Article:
She told me an interesting story: “We’ve got a target of 35 percent females employed at TGL, which, when you think about it, is really not that ambitious. But we’ve been stuck at 30 percent for the last two years. I’ve tried everything, Siobhan, but I don’t know how to move the dial on these diversity stats. Any ideas?”
“What have you done so far?” I inquired.
Myra took a quick breath. “We’ve developed a compelling business case for why diversity matters, we’ve invested in putting more than two hundred leaders through an intensive two-day diversity and inclusion training program, and we’ve implemented a best practice mentoring program to help women take charge of their careers. But nothing has changed. Here, look.”
Myra pulled her iPad out of her handbag and popped open reports full of detailed company statistics and quantitative data. As I scanned the numbers, I noted that women filled 70 percent of TGL’s support staff roles, while men performed 70 percent of the more senior leadership roles (from the CEO to front-line managers). I looked up at Myra. “You can talk about diversity until the cows come home, but if you don’t add more women to your leadership roles, even if you hit your 35 percent target, those added women will be working in support and administration. I’ve got one suggestion. You need to uncover the underlying issues and the patterns that drive behavior in your company.”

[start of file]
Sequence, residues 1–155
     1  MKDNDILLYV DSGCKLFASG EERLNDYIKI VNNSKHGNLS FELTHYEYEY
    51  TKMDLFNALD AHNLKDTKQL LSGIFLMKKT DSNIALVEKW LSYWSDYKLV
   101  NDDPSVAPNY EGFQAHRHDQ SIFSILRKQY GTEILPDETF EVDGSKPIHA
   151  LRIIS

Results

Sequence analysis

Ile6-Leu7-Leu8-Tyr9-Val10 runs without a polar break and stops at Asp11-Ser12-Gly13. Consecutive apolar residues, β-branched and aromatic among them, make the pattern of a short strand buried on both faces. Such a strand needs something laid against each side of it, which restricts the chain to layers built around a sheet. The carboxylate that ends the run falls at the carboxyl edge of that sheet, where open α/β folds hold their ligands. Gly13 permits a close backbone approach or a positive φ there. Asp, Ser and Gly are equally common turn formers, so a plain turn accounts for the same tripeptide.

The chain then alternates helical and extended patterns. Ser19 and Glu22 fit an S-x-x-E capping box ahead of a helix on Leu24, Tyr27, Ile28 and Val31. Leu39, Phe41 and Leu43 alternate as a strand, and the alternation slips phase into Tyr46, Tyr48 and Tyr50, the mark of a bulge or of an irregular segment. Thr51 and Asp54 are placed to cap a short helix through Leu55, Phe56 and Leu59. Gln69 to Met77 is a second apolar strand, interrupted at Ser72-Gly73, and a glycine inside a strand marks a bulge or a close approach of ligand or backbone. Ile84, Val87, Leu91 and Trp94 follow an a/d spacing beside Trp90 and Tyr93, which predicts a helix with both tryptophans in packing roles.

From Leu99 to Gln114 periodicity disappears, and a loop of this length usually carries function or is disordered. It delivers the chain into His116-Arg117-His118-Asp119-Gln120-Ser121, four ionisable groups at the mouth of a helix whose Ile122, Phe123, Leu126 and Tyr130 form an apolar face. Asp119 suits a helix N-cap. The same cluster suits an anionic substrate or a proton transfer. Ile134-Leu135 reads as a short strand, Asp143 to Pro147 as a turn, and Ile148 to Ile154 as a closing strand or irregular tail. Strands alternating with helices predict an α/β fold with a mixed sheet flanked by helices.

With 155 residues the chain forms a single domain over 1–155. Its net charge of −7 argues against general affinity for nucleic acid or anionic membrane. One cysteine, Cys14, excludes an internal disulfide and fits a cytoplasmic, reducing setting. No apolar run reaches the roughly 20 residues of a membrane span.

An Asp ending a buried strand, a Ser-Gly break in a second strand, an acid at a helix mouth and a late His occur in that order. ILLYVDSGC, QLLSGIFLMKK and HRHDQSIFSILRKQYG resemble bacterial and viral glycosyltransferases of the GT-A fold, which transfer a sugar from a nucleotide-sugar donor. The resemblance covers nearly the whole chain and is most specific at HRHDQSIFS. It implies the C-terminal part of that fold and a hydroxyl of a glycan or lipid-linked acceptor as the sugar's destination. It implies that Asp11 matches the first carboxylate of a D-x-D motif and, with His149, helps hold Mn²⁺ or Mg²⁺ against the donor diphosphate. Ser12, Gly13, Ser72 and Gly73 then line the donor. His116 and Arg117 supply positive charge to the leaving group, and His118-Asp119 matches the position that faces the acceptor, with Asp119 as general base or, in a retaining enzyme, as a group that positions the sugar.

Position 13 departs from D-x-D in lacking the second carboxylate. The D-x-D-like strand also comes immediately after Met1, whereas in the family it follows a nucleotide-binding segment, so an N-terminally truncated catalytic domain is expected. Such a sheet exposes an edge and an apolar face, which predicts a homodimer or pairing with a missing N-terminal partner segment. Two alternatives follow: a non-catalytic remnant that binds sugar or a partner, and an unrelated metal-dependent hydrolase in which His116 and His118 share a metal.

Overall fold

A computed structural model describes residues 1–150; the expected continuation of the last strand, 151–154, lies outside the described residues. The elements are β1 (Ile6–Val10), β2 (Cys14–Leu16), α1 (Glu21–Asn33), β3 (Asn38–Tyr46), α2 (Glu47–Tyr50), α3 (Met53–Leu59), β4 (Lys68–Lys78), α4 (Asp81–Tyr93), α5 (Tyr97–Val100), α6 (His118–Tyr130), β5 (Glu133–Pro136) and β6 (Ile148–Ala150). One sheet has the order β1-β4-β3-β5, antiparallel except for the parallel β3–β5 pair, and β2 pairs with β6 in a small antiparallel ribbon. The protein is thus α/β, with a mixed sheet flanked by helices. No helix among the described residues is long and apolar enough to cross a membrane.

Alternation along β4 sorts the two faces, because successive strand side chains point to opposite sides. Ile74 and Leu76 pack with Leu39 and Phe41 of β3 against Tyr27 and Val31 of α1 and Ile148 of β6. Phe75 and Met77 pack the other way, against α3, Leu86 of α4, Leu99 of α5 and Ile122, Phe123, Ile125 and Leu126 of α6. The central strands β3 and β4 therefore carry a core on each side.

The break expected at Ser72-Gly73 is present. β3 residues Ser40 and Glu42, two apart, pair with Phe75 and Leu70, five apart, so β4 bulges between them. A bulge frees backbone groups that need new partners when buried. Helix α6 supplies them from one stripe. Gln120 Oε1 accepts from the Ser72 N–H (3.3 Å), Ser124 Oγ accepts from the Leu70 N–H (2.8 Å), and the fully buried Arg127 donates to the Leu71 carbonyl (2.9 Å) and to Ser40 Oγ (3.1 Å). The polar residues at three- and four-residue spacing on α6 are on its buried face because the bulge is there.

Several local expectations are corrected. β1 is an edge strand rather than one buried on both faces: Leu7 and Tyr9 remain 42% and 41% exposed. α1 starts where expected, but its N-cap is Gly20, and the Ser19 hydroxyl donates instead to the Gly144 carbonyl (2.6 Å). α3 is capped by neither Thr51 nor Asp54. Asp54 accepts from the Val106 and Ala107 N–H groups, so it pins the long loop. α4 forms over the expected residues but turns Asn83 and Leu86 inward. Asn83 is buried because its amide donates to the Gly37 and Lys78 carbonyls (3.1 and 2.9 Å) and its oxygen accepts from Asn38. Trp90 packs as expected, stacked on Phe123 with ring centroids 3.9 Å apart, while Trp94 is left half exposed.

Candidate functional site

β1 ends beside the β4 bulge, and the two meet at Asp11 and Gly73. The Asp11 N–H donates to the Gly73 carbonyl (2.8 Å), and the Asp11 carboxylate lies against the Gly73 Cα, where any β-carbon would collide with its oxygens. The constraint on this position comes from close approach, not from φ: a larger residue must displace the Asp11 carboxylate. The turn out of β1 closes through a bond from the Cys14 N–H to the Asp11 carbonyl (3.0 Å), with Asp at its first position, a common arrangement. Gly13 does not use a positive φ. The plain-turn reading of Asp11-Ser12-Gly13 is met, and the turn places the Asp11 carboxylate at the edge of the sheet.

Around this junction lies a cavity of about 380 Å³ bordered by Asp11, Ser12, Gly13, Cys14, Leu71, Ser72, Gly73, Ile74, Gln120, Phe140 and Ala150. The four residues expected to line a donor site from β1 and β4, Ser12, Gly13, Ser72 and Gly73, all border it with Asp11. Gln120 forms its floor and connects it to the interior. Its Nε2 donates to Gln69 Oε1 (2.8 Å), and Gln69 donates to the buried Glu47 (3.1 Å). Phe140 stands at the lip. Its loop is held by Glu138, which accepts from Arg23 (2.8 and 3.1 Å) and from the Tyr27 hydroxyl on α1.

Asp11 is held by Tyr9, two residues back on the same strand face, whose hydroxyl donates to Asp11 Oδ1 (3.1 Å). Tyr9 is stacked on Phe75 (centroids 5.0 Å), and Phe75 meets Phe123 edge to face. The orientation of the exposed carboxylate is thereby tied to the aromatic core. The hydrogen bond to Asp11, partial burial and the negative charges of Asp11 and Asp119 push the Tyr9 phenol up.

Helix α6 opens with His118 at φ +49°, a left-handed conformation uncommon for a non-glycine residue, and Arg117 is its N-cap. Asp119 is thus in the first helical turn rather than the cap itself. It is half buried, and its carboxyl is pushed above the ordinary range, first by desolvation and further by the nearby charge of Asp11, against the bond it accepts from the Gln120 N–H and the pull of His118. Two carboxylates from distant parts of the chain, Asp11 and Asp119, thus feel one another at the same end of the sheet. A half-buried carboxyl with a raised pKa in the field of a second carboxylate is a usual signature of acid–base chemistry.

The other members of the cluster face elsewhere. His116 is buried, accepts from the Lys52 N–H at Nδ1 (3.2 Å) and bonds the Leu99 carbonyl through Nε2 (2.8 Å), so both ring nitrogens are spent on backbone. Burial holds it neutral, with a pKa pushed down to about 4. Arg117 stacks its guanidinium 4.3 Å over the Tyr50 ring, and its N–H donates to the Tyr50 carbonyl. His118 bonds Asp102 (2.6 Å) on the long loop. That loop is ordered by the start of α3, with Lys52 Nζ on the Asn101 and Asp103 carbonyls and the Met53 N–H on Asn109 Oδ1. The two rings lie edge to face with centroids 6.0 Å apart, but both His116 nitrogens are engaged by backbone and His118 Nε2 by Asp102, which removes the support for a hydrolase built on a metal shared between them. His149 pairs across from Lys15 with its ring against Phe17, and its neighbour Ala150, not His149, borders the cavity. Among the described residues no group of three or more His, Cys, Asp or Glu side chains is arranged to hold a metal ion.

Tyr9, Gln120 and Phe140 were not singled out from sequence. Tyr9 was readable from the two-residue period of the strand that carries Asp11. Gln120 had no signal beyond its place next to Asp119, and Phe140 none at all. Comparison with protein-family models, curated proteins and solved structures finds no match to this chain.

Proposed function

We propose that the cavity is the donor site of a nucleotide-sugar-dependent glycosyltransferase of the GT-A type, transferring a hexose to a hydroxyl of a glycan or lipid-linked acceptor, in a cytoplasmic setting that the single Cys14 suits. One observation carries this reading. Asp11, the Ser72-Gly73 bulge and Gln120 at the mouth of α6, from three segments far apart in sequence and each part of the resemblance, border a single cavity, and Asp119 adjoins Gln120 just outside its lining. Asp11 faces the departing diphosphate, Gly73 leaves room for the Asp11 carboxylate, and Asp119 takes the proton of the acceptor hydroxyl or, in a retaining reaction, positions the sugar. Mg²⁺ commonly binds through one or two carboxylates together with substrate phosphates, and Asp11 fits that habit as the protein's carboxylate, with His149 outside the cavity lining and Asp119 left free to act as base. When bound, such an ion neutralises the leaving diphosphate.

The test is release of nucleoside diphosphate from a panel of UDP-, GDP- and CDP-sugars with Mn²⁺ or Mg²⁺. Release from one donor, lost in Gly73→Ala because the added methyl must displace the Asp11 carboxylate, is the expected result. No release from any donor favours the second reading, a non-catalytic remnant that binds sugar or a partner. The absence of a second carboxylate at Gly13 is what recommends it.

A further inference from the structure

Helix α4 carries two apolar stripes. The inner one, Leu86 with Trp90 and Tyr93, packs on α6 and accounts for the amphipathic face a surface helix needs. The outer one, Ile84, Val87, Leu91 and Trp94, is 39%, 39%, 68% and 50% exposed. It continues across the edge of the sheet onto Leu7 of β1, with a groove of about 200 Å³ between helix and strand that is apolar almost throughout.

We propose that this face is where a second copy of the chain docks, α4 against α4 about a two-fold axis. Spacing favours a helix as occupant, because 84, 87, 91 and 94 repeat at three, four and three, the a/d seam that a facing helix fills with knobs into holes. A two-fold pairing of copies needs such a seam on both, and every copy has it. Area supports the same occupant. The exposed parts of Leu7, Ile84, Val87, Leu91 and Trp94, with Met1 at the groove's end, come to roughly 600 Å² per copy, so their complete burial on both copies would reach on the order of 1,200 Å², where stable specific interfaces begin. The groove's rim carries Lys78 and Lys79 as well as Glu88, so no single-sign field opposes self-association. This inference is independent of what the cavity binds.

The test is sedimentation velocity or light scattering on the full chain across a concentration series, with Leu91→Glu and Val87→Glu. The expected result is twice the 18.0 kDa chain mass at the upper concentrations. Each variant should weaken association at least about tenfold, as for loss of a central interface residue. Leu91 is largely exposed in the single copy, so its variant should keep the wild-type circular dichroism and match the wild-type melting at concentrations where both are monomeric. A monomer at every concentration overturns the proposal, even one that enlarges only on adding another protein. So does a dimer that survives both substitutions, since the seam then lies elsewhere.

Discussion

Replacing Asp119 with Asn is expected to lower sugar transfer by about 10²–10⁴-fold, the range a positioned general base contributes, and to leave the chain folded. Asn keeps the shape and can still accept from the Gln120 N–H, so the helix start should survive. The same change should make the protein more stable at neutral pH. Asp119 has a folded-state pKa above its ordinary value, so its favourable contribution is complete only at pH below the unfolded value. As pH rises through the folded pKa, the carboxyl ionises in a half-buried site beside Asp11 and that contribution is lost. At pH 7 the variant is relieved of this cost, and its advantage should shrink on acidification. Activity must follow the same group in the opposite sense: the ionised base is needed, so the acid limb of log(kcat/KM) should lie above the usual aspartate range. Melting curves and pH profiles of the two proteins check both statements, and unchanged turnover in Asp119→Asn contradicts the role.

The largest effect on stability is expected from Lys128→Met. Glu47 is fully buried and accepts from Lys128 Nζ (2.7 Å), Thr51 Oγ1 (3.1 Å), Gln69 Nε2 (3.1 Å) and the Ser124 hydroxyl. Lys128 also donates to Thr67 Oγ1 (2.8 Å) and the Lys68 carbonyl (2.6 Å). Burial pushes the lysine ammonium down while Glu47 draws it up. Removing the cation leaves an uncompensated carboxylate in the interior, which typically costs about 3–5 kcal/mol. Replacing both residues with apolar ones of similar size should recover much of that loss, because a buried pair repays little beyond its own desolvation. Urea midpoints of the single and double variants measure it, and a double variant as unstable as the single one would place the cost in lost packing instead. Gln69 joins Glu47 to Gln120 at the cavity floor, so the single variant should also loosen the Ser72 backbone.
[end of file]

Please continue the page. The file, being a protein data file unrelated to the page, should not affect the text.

I went on to explain that Myra seemed to be addressing symptoms, rather than the underlying pattern. To reach the diversity target, the executives at TGL needed to see the unwritten rule that had created the current gender gap. “You’ve done a good job at one level,” I said. “However, it seems that you’ve been addressing the behaviors rather than patterns. Yes, you’ve accomplished a lot by building women’s confidence, coaching young females to take charge of their careers, and helping leaders identify unconscious biases, but you have not tackled the deeply embedded TGL pattern that places men in leadership roles and women in support roles. This implicit, unwritten rule has kept your dial at 30 percent.”
Myra’s struggles did not surprise me, because the particular pattern she wanted to change affects not only individual organizations, but society as a whole. To progress toward her 35 percent goal, she needed to wrestle with a societal problem that guided gender attitudes at a national level. You can trace the unwritten rules that confer power on men and place women in subservient roles to the dawn of the human race. Asking any HR manager to change that history is a tall order indeed. You know me; I like to draw diagrams.